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Jul 25, 2013 04:58 PM

Piecrust redux

I was boasting of my piecrust in another thread. Pride goeth before a fall. The latest apple pie (the first pie I had baked in months) flirted with disaster. I used the Bittman piecrust recipe rather than the Joy of Cooking. I thought it was too much butter, but was willing to give it a try. The pie crust came together almost instantly, after perhaps two tablespoons of liquid (a tablespoon of tequila and perhaps a tablespoon from a dripping kitchen faucet), and was too soft to roll out easily. It disintegrated when I tried to transfer it to the pie plate. I ended up patting the bottom crust into place and dropping slabs of crust on top of the apple filling.

The Bittman recipe calls for making the pie crust in a food processor, which I do not have. I did my usual slow crumbling of the butter by hand, until I had a cornmeal-textured blend. I think that must have softened the butter more than it would have softened when cut up by processor blades. The Joy of Cooking recipe, which has a higher flour to butter ratio, works better for hand processing. It's not as buttery, but it is, as I remember, flakier.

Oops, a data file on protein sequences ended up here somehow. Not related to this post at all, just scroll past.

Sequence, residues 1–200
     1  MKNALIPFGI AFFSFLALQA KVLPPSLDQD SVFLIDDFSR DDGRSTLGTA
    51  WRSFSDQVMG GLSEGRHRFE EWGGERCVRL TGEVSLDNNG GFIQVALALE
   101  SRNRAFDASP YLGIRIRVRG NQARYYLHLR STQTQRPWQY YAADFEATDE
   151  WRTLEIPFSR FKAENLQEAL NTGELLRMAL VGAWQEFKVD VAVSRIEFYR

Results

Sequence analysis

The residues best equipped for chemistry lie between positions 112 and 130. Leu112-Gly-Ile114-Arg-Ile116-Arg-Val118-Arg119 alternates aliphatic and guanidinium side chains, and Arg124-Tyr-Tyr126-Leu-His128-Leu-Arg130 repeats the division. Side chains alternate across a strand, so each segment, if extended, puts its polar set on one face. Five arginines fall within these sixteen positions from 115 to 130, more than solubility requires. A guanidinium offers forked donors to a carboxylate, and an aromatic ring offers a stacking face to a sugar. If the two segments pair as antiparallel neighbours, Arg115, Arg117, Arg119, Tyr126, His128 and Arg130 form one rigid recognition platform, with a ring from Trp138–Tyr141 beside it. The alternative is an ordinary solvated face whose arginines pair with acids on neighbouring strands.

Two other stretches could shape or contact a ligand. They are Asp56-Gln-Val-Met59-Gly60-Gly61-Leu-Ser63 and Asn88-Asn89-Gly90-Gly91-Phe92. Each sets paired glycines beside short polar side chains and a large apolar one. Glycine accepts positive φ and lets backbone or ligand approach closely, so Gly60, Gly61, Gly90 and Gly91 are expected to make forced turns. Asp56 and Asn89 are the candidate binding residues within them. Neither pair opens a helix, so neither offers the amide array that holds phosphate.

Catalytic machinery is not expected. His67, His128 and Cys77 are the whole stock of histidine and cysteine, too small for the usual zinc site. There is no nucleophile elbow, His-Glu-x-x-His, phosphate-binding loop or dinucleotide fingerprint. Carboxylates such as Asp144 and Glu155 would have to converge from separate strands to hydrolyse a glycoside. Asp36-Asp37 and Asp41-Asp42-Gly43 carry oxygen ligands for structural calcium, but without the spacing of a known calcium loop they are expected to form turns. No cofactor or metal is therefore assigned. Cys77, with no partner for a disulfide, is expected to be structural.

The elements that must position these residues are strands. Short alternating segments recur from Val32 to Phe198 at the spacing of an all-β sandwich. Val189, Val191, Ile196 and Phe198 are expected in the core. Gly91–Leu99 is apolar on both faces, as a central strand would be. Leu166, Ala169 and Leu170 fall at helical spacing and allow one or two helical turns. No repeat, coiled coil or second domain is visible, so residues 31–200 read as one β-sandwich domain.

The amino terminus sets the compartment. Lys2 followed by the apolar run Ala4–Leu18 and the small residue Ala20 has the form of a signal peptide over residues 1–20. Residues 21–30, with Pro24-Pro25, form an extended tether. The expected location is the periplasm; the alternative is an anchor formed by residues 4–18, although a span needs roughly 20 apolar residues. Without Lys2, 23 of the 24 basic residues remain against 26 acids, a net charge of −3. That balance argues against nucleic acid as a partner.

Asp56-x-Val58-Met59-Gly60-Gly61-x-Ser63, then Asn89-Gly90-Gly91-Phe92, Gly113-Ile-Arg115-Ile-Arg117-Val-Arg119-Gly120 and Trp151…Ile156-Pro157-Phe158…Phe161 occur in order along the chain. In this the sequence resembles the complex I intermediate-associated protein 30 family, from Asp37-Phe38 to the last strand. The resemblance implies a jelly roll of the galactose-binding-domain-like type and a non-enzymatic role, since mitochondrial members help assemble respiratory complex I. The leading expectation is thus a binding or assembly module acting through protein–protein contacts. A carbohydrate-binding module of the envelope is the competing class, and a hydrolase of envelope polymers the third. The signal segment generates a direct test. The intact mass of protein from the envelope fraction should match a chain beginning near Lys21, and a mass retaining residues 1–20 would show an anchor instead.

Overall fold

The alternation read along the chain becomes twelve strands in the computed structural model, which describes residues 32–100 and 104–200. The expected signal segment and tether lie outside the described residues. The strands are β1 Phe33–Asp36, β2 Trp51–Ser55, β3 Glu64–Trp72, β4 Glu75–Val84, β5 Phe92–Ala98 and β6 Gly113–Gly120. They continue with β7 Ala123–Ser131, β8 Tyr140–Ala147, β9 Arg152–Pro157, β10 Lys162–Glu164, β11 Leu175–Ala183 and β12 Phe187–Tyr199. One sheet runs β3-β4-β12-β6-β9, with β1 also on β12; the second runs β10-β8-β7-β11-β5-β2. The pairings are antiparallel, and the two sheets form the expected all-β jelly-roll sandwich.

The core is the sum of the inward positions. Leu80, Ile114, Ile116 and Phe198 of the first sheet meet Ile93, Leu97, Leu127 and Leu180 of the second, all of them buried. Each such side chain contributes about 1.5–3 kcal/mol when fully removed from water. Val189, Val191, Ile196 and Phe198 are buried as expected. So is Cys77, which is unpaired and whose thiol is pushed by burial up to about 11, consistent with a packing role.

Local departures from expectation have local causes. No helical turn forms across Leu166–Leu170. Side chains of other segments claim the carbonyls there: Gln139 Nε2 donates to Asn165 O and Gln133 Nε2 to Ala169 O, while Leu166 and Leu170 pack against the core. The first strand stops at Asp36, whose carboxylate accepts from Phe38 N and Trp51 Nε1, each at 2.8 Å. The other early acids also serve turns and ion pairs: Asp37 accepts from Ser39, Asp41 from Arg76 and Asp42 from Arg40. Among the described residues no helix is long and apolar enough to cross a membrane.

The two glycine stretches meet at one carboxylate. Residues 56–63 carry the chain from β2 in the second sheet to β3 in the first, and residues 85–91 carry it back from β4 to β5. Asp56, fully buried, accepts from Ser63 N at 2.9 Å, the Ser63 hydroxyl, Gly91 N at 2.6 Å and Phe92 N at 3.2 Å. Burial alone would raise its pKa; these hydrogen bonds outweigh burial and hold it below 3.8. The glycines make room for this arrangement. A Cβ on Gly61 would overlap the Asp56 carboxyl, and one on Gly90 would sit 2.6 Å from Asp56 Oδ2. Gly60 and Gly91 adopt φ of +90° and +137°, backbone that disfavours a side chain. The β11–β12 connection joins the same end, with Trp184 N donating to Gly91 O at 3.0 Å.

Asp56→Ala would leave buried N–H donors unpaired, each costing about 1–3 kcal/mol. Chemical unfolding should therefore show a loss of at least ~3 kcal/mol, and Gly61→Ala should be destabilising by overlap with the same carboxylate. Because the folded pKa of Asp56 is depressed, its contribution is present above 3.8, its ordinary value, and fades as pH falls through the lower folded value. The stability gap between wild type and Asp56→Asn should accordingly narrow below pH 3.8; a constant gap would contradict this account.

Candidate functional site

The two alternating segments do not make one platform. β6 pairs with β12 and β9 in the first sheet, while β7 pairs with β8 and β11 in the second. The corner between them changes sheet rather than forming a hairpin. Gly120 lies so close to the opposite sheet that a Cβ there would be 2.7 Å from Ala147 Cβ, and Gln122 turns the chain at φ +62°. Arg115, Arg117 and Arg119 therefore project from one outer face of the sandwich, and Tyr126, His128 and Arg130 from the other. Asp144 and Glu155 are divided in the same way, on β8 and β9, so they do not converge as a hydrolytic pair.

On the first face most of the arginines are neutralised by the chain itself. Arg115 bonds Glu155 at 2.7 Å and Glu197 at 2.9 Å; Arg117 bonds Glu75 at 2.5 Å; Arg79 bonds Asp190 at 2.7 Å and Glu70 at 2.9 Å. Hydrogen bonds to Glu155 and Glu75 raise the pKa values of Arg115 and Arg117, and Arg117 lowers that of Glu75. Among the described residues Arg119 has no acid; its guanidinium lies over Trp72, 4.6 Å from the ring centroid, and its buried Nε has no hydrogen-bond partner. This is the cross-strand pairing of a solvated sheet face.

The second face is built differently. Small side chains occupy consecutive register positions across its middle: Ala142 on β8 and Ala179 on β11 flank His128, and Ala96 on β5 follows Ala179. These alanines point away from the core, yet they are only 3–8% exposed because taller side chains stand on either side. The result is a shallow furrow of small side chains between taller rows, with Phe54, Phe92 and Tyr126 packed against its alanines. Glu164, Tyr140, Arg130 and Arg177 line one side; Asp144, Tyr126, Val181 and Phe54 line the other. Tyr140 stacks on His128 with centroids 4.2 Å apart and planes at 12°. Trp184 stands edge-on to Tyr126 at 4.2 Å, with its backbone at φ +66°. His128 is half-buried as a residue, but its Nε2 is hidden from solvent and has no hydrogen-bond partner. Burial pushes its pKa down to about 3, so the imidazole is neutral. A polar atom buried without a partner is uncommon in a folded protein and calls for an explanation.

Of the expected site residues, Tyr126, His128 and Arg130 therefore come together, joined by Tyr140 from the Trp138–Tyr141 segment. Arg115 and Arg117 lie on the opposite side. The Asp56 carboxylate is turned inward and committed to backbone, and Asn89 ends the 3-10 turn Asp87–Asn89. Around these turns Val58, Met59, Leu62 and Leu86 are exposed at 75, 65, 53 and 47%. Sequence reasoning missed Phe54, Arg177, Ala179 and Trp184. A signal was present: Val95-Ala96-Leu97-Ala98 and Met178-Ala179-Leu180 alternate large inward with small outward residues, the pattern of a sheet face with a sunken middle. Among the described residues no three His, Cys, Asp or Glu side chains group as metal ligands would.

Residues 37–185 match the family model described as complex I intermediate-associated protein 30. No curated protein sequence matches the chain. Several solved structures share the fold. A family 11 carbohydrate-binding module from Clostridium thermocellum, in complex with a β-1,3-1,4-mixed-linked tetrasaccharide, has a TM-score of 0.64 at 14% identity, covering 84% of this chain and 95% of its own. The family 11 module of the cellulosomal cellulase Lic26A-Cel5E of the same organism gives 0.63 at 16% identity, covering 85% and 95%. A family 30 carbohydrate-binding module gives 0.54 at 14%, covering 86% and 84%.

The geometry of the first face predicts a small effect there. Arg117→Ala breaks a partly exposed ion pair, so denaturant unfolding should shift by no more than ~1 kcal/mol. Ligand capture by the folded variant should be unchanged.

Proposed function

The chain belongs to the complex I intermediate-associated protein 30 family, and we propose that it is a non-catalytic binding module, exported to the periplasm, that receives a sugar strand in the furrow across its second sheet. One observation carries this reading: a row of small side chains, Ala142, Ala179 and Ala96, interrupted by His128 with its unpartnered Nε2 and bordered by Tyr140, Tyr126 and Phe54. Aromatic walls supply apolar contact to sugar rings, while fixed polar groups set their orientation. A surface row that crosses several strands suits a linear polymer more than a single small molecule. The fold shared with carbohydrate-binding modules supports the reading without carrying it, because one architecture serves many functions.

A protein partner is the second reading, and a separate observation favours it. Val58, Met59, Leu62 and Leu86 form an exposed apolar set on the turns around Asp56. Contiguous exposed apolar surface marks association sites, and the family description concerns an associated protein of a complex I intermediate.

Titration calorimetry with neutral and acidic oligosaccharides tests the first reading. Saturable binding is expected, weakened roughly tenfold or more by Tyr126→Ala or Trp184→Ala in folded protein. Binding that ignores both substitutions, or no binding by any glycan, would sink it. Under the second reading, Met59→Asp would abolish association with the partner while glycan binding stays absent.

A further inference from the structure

The actual pie, while not photogenic, was delicious, The crust was crisp and buttery. Next time, however, I'm going to use the old tried-and-true Joy of Cooking recipe, which works for the tools that I have. Less difficult to roll out and assemble.

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  1. Did you refrigerated the dough before rolling it out? What were the proportions of butter to flour?

    2 Replies
    1. re: roxlet

      When I used the JoC recipe, I never refrigerated the pie crust. It was just put it together fast, roll it out, pie!

      Of course, I was starting with cold butter and flour that had been stored in the freezer.

      1. re: roxlet

        Oh, butter to flour. Bittman, 2 cups, 4 tablespoons flour to 1 cup butter. JoC, 2 cups flour to 2/3 cup butter. A lot less butter.

      2. Melted Butter & Oil Pie Crust

        Here's a recipe that was mentioned on the King Arthur Flour forum as being easy and good tasting. I want to try this one soon.

        1. Don't use your hands, you can get a pastry cutter for $5 or so. Or you can use two butter knives. Your hands will warm up the butter too much. If the kitchen is too warm, I will stick the bowl into the fridge before the dough is pea sized just to firm it back up. Keeping the butter cold in summer can be tricky.

          1 Reply
          1. re: Pookipichu

            I probably should get a pastry cutter. Hands have worked in the past, but it's HOT here in Honolulu of late.

          2. Freeze the butter. Using the large holes of a box grater, grate it into the flour and toss with a fork or a pastry cutter until well-coated before adding liquid.

            1 Reply
            1. Anyway, it takes a grandiose helping of hubris to claim that you can instruct (anyone) on "How To Cook Everything"; maybe it's just a screwed-up recipe.

              1 Reply
              1. re: pmarie1

                There are a great many Bittman recipes that I find just MEH. I have always chalked that up to differing tastes. The one cookbook author who always pleases me is Madhur Jaffrey.